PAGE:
Ghana makes progress towards sustainable fisheries through fair tenure rights
A pioneering meeting in Ghana on 5 April marked a turning point towards implementing the global guidelines on tenure rights, to save the country’s declining fishing industry and safeguard national food security.
The meeting – co-organized by the Environmental Justice Foundation (EJF), Hen Mpoano, and the UN Food and Agriculture Organization (FAO), with the support of the Ministry of Fisheries and Aquaculture Development – brought together traditional authorities, fisher and fish processor associations, representatives from local and national government, spatial planners, civil society organisations, legal experts and academics.
After wide-ranging discussions, it ended with a firm recognition by stakeholders and decision-makers that core principles of the Voluntary Guidelines on the Responsible Governance of Tenure (VGGT) and the Voluntary Guidelines for Securing Sustainable Small-Scale Fisheries (SSF Guidelines) should be implemented to secure the rights of small-scale fishers and safeguard food security.
Rights of access to land, fish stocks and forests are not always guaranteed. Local communities around the world often have effective systems to decide how access is granted to use and control these resources, and the responsibilities that come with such ‘tenure rights’. However, these systems are often informal, and not enshrined in the law.
As times change and conflicts arise, there is the potential that those with the least power will have their rights eroded. In Ghana, this represents a real threat to national food security.
Ghana’s fisheries are in steep decline, with landings of key species for local consumption at their lowest recorded level since 1980. Traditional fishing communities have been hit hardest, with average annual income per canoe dropping by as much as 40% in the last 10 to 15 years.
Small-scale fishers face loss of access to landing sites as a result of coastal development, and encroachment by offshore oil development into traditional fishing grounds. Infringements upon tenure rights also arise from the illegal and destructive practices of industrial fishing vessels.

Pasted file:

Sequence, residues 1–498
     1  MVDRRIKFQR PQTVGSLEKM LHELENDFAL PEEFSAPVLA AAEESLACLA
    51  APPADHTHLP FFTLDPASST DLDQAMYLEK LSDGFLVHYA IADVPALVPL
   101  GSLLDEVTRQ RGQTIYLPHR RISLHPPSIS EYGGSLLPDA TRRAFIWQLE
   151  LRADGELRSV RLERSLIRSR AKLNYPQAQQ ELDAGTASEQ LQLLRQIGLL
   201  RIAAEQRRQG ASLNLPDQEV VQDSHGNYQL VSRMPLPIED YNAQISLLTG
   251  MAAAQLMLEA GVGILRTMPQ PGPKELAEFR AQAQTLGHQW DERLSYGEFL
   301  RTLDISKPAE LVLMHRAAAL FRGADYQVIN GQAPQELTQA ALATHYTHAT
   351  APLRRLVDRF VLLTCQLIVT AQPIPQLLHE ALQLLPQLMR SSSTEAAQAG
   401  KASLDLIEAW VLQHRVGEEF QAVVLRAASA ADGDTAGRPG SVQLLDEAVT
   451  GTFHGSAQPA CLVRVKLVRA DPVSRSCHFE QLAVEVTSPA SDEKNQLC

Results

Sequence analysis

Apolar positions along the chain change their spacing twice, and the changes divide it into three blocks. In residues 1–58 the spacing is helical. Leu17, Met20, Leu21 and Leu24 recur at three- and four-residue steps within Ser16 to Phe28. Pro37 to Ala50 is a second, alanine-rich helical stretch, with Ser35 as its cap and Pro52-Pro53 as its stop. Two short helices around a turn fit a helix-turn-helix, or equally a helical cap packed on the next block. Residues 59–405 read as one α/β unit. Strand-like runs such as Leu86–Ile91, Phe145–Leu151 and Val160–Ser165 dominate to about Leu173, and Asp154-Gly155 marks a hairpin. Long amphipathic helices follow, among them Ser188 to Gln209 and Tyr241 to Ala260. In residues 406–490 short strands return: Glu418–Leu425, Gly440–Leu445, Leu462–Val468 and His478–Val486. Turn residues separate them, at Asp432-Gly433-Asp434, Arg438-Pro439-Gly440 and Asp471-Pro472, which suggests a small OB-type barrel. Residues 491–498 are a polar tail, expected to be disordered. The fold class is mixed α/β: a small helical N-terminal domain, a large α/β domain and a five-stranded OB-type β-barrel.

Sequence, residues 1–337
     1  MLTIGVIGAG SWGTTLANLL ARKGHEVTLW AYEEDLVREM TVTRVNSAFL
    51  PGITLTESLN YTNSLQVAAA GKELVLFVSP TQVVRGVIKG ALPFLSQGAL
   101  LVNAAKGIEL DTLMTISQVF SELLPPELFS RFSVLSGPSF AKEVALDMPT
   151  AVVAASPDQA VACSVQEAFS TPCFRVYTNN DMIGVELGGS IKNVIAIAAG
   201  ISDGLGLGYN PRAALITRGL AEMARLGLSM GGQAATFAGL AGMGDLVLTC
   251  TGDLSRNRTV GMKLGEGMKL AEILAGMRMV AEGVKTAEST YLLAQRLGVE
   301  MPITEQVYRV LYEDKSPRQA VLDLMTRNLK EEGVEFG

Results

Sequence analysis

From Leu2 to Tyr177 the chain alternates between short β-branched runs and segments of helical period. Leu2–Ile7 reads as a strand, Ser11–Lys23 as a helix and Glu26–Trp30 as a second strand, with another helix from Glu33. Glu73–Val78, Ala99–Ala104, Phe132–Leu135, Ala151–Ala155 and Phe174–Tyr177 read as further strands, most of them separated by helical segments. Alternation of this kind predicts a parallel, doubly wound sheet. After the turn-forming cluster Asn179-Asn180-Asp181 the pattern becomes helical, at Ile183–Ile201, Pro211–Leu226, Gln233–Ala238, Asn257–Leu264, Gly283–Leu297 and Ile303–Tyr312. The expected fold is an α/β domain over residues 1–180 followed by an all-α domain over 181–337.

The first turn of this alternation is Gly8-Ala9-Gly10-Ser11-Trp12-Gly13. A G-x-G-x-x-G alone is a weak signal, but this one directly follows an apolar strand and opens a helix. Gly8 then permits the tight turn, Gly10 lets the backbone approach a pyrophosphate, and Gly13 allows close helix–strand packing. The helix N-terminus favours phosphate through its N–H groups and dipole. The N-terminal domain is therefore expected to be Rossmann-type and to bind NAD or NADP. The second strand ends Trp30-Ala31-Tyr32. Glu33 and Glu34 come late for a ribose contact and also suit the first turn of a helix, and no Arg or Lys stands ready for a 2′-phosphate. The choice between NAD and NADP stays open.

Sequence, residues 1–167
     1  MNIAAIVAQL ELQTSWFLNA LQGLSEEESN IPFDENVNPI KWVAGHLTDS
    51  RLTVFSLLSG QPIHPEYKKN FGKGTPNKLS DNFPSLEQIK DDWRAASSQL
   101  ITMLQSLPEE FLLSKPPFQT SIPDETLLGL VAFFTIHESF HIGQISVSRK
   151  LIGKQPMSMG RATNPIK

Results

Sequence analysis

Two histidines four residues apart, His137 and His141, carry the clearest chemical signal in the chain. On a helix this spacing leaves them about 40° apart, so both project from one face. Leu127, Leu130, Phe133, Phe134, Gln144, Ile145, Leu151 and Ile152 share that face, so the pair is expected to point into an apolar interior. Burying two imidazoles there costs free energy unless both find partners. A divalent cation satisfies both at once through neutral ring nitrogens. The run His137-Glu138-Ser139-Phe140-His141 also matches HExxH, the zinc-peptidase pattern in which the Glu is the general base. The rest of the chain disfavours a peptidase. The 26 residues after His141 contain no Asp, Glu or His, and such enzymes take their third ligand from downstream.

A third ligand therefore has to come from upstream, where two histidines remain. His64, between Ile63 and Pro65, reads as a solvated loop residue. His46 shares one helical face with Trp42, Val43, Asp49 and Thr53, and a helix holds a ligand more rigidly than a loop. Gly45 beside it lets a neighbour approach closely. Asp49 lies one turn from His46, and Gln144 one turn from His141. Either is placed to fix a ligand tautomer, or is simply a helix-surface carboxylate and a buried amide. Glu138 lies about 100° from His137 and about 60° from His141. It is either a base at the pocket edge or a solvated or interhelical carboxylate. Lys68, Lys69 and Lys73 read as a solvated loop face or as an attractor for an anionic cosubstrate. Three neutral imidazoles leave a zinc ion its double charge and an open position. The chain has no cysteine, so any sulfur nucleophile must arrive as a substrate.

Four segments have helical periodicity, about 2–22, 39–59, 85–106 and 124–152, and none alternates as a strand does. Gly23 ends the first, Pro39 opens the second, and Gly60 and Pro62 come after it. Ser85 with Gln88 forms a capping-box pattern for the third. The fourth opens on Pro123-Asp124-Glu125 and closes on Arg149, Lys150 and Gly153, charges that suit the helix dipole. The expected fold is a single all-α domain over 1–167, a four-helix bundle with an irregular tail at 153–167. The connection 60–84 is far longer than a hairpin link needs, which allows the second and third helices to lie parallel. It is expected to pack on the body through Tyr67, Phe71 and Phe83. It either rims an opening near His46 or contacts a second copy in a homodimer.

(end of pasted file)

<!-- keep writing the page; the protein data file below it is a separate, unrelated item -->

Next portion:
Chairman of Ghana’s National Canoe Fishermen Council, Nana Jojo Solomon, said:
“Recent years have seen an escalation of conflicts between industrial fishing vessels and local canoes, resulting in collisions and the destruction of fishing gear, in some cases within the inshore zone reserved for canoe fishers. Fishers are rarely able to obtain compensation for their losses, due to difficulties in identifying the offending vessel, and the burden of making a claim.”
Recognition and respect for all forms of legitimate tenure rights in Ghana – whether or not formally recorded – is urgently needed. The VGGT and sister SSF Guidelines together represent a unique step towards this.
The VGGT, unanimously endorsed in 2012 by the UN Committee on World Food Security, help countries safeguard tenure rights, solve conflicts and create laws that provide recognition of informal tenure. Similarly, the SSF Guidelines take a human rights-based approach to securing sustainable small-scale fisheries, with particular attention to vulnerable and marginalised groups.
Executive Director of Environmental Justice Foundation Steve Trent, said:
“EJF and Hen Mpoano are working hard to help build sustainable fisheries in Ghana, and the recognition of tenure rights of local communities is a key part of that. We are delighted to have facilitated the discussion that led to broad-based recognition of the relevance of these international guidelines in addressing the challenges facing Ghana’s fisheries sector.”
Director of Hen Mpoano, Kofi Agbogah, added:
“The guidelines reflect a global consensus on responsible tenure governance and securing sustainable small-scale fisheries, and have been subject to extensive consultations worldwide. Bringing decision-making into line with the guidelines can help to secure the support of those affected by fisheries laws, and ensure that laws are complied with. Crucially the VGGT can provide invaluable guidance as Ghana comes to implement its policy on fisheries co-management, currently in the process of adoption.”
Ghana’s Deputy Minister of Fisheries and Aquaculture Development, Francis Kingsley Ato Cudjoe, welcomed the opportunity to discuss how the guidelines could be applied for the benefit of a more equitable and sustainable fishing industry: